Once upon a time, there was a girl named Amanda. Amanda was my friend. We did a lot together. In fact, we did almost everything together. Our families called us Amiana. We met in fourth grade, when I first moved to California from New York. She was my first friend and I thought we would be friends forever. That wasn’t to be the case. We were friends until that fateful night when we were juniors in high school. We had drifted apart a bit, as sometimes happens when boys enter the picture. Amanda met a boy, Donovan. According to Amanda, he was the love of her life. I didn’t like Donovan. Yes, part of the reason I didn’t like Donovan was because he was taking my best friend away from me. But a bigger part was because I just didn’t trust him. He was a senior and had a reputation for being “big man on campus.”
One night, there was a party at someone’s house. I don’t even remember whose house it was, just another kid whose parents were away. The party started out fun. There was music the way I liked it (the louder and harder the better). There was no alcohol (I didn’t drink in school, still don’t drink a lot, to be quite honest). There was a boy I liked (who also barely drank and liked his music loud and hard). I had promised myself I would keep an eye on Amanda, since she had a habit of doing whatever Donovan wanted, regardless of the potential consequences. But I didn’t. I started talking to Gabriel (the boy I liked) and I lost sight of Amanda. I asked around, and was told that she had gone to another party with Donovan. This one was too tame for him. I was worried, but I shrugged it off, after all, there was no drinking at this party, so neither Amanda nor Donovan was drunk when they left.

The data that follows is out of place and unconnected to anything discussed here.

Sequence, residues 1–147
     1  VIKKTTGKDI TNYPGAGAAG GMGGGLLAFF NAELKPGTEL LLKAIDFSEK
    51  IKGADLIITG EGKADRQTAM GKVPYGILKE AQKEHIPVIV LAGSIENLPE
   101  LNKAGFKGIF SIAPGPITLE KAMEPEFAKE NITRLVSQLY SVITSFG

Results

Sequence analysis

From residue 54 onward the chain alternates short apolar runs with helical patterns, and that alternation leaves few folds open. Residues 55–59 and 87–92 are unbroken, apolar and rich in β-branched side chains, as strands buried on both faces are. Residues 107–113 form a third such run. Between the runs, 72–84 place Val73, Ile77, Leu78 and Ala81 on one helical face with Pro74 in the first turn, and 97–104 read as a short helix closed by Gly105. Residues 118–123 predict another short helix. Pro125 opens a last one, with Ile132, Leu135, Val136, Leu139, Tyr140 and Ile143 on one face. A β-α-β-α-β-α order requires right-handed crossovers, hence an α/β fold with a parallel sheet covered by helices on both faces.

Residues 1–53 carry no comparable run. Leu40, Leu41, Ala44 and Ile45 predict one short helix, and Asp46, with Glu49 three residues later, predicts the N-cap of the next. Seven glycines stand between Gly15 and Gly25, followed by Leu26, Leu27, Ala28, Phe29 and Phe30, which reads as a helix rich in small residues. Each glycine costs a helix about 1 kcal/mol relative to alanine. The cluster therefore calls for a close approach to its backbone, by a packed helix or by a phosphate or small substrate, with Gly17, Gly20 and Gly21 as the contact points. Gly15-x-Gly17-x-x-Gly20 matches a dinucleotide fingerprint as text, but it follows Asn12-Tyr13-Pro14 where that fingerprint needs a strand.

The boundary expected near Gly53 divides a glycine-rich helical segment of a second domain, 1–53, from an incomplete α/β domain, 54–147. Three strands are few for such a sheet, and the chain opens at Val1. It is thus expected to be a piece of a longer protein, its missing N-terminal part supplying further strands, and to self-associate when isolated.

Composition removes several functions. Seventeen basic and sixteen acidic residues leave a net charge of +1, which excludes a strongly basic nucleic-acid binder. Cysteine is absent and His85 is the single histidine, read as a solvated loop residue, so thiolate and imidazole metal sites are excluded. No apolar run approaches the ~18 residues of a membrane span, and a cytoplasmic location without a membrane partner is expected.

About two hours later, I was sitting in back of the house with Gabriel and some other people, talking about music, when we heard a crash. We all ran out to the front of the house and there was Donovan’s car, flipped over right outside the house. Donovan was standing outside of the car, bleeding from his head and arm. He was laughing. I will never forget that he was laughing. He was also drunk and I found out later had cocaine in his system. And still in the car, not moving, was Amanda. Amanda never moved again. She was pronounced dead on the scene.
Intellectually, I knew that it wasn’t my fault. She would have gone with Donovan regardless of what I said. And she would have listened to what he said over what I said. But I regret not having kept an eye on her, not having been the voice in her head saying “don’t go with him, stay with us. Be safe.” I regret that our friendship had weakened because of a boy. And I regret the tragic end of Amiana.